The finish line is in sight.
You found a potential client, had the initial discovery meeting to discuss goals and pain points, walked through your value proposition, and built a solid relationship. At this point, the client has bought into your approach to SEO and wants to know one last thing.
Pricing an SEO engagement is actually quite nuanced and can be difficult for consultants and agencies alike. It’s different than pricing web development, pay-per-click advertising, design, PR services, etc., primarily because there are a handful of ways to price your services.
This post will outline the most common ways to price SEO and give you enough of a framework around each option to determine which is best for you. You may want to offer all of these options in some capacity, but there will typically be a best fit determined by your internal structure and the scope of the engagement.
To determine price, we first study costs
Before pricing your SEO offering, it’s important to understand some of the costs you’ll most likely have to undertake.
Do you plan on utilizing any outside tools or platforms? Whether it’s for auditing, crawling sites, or assisting with reporting, most SEO tools come at a cost.
Example SEO technology costs:
As you’ve heard a million times by now, content creation is a crucial element of a successful SEO campaign. In fact, it may be the most expensive consideration outside of employees’ salaries. Content will vary in cost depending on type and context (e.g., blogs, whitepapers, videos, case studies).
Take a look at The Content Factory’s take on the varying costs of web content. They price an “SEO blog post” anywhere from $80 to $950 depending on the length and how many are being ordered at a time. It’s safe to say that most of your blogging content will fall into that range.
Sales Material Development and Maintenance
The upfront cost here is larger than maintenance, but it’s important to consider nonetheless. Do you have proposal templates to build? The best proposals may require a designer. Case studies to show potential clients? Those may require a hard cost to produce as well.
In most cases, your staff will be the most expensive element of your SEO offering. When considering staffing costs, think about how much time your staff is spending on reoccurring tasks including: monthly reporting, client calls, ad hoc questions, and monthly/quarterly strategy sessions.
Beyond those generic examples, there are many things your staff can spend time on – consider those as well. Can your staff create content in-house? Perform outreach around that content? Build local citations for clients? The list can be long.
As cliché as it sounds, SEO is an always changing industry that requires active learning from its experts. Sure, you’ll learn the most from on-the-job testing and experiences, but conferences are also a great way to stay recent. Webinars are another, cheaper, option.
Example industry conferences:
Now, a logical next step towards pricing your SEO offering would be to add up your hard and soft costs, add in a hefty margin, then go nuts! However, this approach forgets that your hard and soft costs don’t mean anything to your customers.
They don’t care that you pay your SEO Specialist a salary of $35,000 and your subscription to Moz costs $149 each month. What they care about is the market price (in their industry/location) for SEO services and your ability to show value within a small range of that cost. If you’re slightly more expensive, that’s fine, but your perceived value should be higher as well.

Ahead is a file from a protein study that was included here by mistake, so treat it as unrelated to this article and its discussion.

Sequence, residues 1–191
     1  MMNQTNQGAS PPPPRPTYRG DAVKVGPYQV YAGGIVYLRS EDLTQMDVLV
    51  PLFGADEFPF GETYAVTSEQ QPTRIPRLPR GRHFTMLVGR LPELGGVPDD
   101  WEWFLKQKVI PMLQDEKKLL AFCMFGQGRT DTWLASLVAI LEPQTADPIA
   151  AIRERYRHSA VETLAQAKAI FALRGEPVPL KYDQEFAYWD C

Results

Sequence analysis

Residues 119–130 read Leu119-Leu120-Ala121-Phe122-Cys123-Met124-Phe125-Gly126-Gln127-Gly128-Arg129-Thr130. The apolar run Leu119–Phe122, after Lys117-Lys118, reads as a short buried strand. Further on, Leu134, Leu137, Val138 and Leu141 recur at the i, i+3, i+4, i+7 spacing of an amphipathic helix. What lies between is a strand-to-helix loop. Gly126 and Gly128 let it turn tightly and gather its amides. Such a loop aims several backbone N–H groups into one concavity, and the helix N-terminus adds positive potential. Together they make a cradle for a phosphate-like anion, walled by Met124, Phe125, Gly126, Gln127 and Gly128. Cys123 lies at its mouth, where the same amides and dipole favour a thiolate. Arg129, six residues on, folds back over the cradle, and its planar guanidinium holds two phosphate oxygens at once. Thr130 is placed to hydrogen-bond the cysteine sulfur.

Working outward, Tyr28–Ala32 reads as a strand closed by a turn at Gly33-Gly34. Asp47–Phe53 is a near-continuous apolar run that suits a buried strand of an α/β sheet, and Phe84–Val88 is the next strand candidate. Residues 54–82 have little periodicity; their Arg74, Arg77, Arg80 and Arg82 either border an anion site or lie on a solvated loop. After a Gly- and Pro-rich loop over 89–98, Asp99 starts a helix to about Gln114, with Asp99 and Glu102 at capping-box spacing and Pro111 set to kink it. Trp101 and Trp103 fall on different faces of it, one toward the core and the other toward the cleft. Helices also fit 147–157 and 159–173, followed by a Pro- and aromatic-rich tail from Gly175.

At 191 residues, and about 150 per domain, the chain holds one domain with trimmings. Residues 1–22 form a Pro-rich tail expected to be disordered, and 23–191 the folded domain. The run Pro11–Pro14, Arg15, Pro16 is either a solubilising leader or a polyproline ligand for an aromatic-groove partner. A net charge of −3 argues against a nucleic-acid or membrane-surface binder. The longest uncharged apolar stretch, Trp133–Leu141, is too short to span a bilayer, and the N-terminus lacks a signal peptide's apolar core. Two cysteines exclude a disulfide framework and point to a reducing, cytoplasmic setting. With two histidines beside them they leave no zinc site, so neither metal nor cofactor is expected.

In fact, if you stop reading here and only take away one thing, it should be this: your cost to “do all the SEO stuff” is irrelevant to your customer. Your ability to show superior value (ROI) at market price, on the other hand, is everything.
So what is the market price for your client?
Take the time to do your research here. It seems obvious, but this is an incredibly important part of the process. Competition and scope are two main considerations here.
Look at your competitors and understand their value proposition and price. Are they offering a similar scope within a similar industry? Looking at their pricing structure will give you a good idea of what people are willing to pay.
Understand how the scope of your offering may differ by industry as well. The scope of SEO for a coffee shop with 10 pages on their site and a local listings problem will be much different than an e-commerce retailer that sells nationwide.
Pro tip: isolate your scope by asking yourself, “What do I have to do to make an impact for Client X?”
Throughout this process, don’t lose sight of your margins. But remember – the market price isn’t negotiable.
You can’t have a cost structure that is inappropriate for the market and their willingness to pay. Simply, your pricing will need to be based on market.
At this point, you understand the market price for the client you’re pitching. You also know the scope of the engagement/project (remember – scope is what you need to do to make an impact). Now it’s time to decide which pricing model best fits your situation.
There are multiple ways to approach your SEO pricing
Sometimes the scope of an SEO engagement is limited. A client wants to transfer sites, for example, but they’re afraid of it affecting their organic traffic. They don’t want to or can’t pay for ongoing services, so you offer them a project rate.
The price of an SEO project can vary greatly depending on scope. Remember, when considering scope, you must think through how much time and which resources you’ll need to make an impact.
When pricing one-time projects, you’ll consider your scope costs more so than where the competition is priced. Since the project is not bringing in on-going revenue for your business, you have to be particularly sure that it will be profitable.
Example SEO projects:
- $150,000 – Comprehensive technical audit for enterprise e-commerce site with 500,000+ pages